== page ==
Tuesday, January 24, 2023

Mapping the Ocean Deep

On 21 December 1872 HMS Challenger set sail from Portsmouth on a four-year scientific expedition to map the ocean floor, to measure ocean temperatures and to document marine life. It was the first global marine research expedition. A four-year expedition which managed to discover 4,700 new species, record hundreds of sea soundings (in the process verifying the existence of the Mid-Atlantic Ridge), and make 263 water temperature observations.

The University of Illinois' Challenger Expedition portal allows you to explore an interactive map of the HMS Challenger's marine research voyage.  Using the map you can follow the route taken by the ship on its four year voyage and explore some of the data recorded in the 50 volumes of the voyage's logs. 

If you click on Station 1 (just west of Spain and Portugal on the map) you can start at the beginning of the ship's voyage (1872-12-30). You can then use the forward arrows to follow the voyage chronologically. The information window on the map provides details of the discoveries made at each station. It shows you the date of the observations made at this location, the recorded ocean depth, the surface and bottom temperatures, and the detected species at that location. 

If you navigate to Station 225 on the map you can explore the results of HMS Challenger's findings at Challenger Deep (a depression now named after the Royal Naval ship). On 23 March 1875 the ship recorded a depth of 4,475 fathoms. The expedition had (unknowingly) found the deepest point on the Earth's seabed in the Mariana Trench.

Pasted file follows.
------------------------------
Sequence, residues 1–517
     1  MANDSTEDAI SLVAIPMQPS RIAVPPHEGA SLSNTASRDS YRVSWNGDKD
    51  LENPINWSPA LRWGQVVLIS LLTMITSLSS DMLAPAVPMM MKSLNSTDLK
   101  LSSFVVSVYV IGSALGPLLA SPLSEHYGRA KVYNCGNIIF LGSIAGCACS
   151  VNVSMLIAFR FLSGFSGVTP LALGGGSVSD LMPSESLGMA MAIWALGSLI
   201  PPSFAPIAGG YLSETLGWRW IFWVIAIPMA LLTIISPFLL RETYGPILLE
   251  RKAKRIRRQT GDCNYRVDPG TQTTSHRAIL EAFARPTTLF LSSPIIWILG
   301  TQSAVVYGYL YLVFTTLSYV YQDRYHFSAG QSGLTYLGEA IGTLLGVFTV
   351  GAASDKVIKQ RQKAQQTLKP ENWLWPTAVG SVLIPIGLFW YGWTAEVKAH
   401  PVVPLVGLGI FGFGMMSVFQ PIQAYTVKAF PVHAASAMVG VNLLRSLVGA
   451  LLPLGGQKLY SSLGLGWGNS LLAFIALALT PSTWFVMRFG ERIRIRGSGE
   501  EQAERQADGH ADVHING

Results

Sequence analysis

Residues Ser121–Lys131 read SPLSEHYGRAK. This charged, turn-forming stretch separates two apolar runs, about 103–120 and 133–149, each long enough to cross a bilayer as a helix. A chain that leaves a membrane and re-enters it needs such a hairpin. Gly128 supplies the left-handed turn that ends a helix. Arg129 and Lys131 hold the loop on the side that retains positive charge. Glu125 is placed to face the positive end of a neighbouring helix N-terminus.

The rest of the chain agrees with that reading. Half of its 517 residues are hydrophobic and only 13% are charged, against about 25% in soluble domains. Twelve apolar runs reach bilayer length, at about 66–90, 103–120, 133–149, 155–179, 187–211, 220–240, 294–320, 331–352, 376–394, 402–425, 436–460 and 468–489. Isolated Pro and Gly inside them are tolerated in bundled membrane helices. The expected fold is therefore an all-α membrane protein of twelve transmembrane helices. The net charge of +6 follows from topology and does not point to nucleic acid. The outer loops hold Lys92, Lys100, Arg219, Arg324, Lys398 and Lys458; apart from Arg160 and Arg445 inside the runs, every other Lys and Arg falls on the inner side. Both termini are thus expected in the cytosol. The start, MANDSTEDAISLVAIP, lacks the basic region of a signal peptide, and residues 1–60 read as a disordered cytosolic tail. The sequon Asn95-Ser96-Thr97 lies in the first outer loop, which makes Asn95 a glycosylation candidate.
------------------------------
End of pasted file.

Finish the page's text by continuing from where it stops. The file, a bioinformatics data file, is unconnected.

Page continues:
Challenger Deep is deep. Very Deep. Located in the Mariana Trench, Challenger Deep is the deepest known point in the Earth's seabed. But just How Deep is Challenger Deep?

John Nelson has the answer in his beautiful Esri story map. This map helps to explain the staggering depths first discovered by HMS Challenger. As you progress through this story map you will learn about the natural forces which created this huge depression deep beneath the Pacific Ocean. You will also learn about the kind of dark inhospitable conditions which exist at so many fathoms beneath the sea.

To help convey the staggering depth of Challenger Deep the map uses a number of non-standardized units of measurement. This involves showing how many Everests, Manhattans or Grand Canyons deep the depression falls beneath the surface of the sea. To help illustrate these non-standardized units of measurement Nelson has stacked a number of Mount Everests one on top of the other and relocated the Burj Khalifa to the bottom of the Grand Canyon. All for a sense of scale - of course.

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